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Editor’s note: This does apply to Paul Ryan, selected as Mitt Romney’s VP pick over the weekend. We’ll have more on the Ryan pick later.

Would you have voted for Joe Biden as vice president? Dan Quayle? Dick Cheney?

We get to vote for president; the vice president comes along for the ride. You might have voted for Lloyd Bentsen instead of Dan Quayle. Could have picked Jack Kemp over Al Gore or Geraldine Ferraro over George H.W. Bush.

The last time a vice president became president was Gerald Ford in 1974, and Ford became vice president because Spiro Agnew had to resign for reasons that had nothing to do with Watergate. At some point, who we elect as vice president is going to make that difference once again.

Political junkies might care who the VP nominee but mostly, the American people have trusted that whomever the nominee picks, that person will be OK should the VP have to become president.

Until 2008.

More people paid attention to a VP pick for the first time since, well, maybe 1972. If you are too young to remember, Google Thomas Eagleton when you get a chance.

Sarah Palin changed the dynamic for how a VP nominee is chosen, and to be fair to the half-term former governor of Alaska, that wasn’t her fault. The one thing we can’t blame Palin for is choosing Palin in the first place.

True, Palin could have turned down the opportunity. And there are some potential 2012 VP nominees who may turn down Mitt Romney (if asked) because they don’t want to be seen as being on a potentially losing ticket.

The process has not been kind to those that accept the nomination — and lose. For every Joe Biden and Al Gore, we have had a Palin, John Edwards, Joe Lieberman, and Jack Kemp (Edwards and Lieberman were on the side that likely had the most votes, but shenanigans prevented a fair outcome). None of those four had much of a political future on the national stage. Palin’s opportunity could have been 2016 if she had not accepted John McCain’s invitation. Now, we’ll never know.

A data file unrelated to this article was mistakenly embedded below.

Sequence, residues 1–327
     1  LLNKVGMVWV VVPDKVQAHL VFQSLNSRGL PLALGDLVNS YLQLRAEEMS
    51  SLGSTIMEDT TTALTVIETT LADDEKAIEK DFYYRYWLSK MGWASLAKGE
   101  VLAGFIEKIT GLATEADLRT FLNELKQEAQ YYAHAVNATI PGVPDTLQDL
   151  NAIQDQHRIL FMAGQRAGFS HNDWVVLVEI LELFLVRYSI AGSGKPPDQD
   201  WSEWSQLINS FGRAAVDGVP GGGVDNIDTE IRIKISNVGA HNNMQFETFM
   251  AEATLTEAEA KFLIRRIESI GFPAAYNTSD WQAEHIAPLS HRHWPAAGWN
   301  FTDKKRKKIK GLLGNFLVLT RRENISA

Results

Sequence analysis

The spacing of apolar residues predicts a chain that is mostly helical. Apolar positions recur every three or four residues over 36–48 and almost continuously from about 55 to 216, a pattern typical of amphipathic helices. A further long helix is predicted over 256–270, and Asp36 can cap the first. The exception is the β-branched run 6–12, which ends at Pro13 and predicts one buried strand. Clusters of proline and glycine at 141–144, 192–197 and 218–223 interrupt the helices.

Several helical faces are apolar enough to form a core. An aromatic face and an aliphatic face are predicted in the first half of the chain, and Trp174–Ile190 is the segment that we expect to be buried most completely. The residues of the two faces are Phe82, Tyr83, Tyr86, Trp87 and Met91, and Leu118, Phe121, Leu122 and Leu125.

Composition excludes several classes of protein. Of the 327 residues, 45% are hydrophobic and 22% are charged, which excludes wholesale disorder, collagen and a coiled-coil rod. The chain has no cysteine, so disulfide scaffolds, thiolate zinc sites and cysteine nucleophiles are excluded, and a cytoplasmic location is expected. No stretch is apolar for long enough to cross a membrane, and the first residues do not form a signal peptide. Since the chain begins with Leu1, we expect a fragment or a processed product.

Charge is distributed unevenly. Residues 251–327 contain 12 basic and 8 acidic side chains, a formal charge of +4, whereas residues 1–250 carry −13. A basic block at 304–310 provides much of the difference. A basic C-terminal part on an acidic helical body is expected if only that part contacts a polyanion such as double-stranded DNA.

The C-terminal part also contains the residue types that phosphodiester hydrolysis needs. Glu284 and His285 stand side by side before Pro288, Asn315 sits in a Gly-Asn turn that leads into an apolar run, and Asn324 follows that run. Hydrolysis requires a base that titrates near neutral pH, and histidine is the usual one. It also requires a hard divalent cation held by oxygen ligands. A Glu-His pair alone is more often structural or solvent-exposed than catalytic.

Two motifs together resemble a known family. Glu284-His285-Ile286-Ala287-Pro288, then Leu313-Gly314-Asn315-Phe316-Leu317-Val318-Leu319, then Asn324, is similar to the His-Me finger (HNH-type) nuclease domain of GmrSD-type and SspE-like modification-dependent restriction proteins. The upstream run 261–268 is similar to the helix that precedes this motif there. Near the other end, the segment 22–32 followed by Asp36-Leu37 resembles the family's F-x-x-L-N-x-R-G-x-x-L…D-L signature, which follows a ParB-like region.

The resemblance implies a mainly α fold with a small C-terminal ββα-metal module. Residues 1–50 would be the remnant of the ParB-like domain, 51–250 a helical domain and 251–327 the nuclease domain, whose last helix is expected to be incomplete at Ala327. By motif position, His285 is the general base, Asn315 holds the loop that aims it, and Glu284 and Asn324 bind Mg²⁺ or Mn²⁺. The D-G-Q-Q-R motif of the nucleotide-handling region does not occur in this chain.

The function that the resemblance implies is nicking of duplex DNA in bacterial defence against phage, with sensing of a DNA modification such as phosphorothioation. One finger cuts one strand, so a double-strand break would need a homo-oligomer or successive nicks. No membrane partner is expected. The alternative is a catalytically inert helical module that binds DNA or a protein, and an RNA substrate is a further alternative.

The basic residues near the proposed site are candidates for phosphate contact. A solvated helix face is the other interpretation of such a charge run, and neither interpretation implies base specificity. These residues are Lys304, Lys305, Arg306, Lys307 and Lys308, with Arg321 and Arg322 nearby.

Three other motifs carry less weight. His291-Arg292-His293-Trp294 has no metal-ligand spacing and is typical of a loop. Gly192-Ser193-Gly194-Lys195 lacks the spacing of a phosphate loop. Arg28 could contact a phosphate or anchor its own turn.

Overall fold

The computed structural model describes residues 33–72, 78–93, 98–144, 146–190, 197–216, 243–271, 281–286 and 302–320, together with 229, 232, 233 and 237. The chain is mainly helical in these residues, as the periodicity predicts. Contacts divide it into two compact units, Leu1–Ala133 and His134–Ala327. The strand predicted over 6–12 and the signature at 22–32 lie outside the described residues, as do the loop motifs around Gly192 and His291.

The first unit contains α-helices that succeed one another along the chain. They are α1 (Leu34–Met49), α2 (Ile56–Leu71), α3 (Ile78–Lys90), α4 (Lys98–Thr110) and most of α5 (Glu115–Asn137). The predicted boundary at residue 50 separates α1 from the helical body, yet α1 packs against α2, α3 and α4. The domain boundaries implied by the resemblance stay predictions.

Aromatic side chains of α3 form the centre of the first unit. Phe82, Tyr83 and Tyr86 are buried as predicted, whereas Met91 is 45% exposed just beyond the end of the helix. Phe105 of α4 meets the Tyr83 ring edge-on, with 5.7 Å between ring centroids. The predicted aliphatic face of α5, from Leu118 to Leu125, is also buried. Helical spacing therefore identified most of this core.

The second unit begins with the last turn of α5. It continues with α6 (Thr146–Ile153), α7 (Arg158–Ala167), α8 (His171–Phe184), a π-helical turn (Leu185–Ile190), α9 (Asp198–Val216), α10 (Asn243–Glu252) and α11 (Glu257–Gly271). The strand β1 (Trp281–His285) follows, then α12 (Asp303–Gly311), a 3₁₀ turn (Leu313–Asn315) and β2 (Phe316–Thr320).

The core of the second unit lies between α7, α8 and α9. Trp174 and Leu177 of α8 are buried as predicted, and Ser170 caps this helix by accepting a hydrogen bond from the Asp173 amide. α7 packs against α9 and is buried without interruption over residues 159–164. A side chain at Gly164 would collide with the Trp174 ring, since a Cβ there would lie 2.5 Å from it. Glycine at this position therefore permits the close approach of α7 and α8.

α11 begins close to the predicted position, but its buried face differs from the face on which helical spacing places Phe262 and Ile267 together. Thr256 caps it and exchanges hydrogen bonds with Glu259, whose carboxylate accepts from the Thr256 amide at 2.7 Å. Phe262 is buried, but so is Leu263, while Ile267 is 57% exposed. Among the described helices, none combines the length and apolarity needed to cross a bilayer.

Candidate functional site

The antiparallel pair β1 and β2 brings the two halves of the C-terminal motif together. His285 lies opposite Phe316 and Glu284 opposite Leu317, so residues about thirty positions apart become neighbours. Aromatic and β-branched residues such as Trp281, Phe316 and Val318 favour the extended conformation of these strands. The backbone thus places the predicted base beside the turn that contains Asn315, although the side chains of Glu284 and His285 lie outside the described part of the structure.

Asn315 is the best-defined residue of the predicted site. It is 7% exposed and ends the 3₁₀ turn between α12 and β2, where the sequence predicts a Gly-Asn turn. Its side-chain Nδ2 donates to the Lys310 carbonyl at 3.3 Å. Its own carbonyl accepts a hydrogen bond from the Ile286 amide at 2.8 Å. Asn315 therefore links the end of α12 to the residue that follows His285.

You could argue that Al Gore, Joe Biden, Spiro Agnew, and Richard Nixon ran into those same concerns when they were the VP nominee. What happens if we don’t win? The problem is that voters aren’t really choosing who the vice president will be. Your vote for Obama won’t change because Biden (or in many rumors, Hillary Clinton) is the VP, and your Romney vote will stay pretty tight no matter how he picks. Well, maybe not if it’s Sarah Palin.

Tim Pawlenty would have no reason not to accept Romney’s invite, since his national future, um, well, he has no national future other than being a VP selection. Marco Rubio and Bobby Jindal still have a shot of running for the top spot in the future. Nikki Haley is smart enough to know her time isn’t now.

But being the VP nominee of a major party, even one that may lose, is too good to pass up for most people. The allure, the fame, the recognition. Your spot in almanacs and encyclopedias for generations to come. Sarah Palin may not have much, but she does have that.

The last losing VP nominee to be nominated as a presidential candidate was Bob Dole in 1996. Dole had to wait 20 years and run from the most awkward position of Senate Majority Leader to pull that off. I don’t know Bob Dole, Bob Dole is not a friend of mine, but this wave of GOP contenders are no Bob Dole.

Someone will be Mitt Romney’s VP nominee, and that someone has a 50-50 to 40-60 shot of being the next vice president of the United States. If the recent trend continues, that person will either be the next VP or the answer to a trivia question. What’s worse is that the person will have little say in which way that goes.

Americans of all stripes have solutions to our problems, but does Mitt Romney?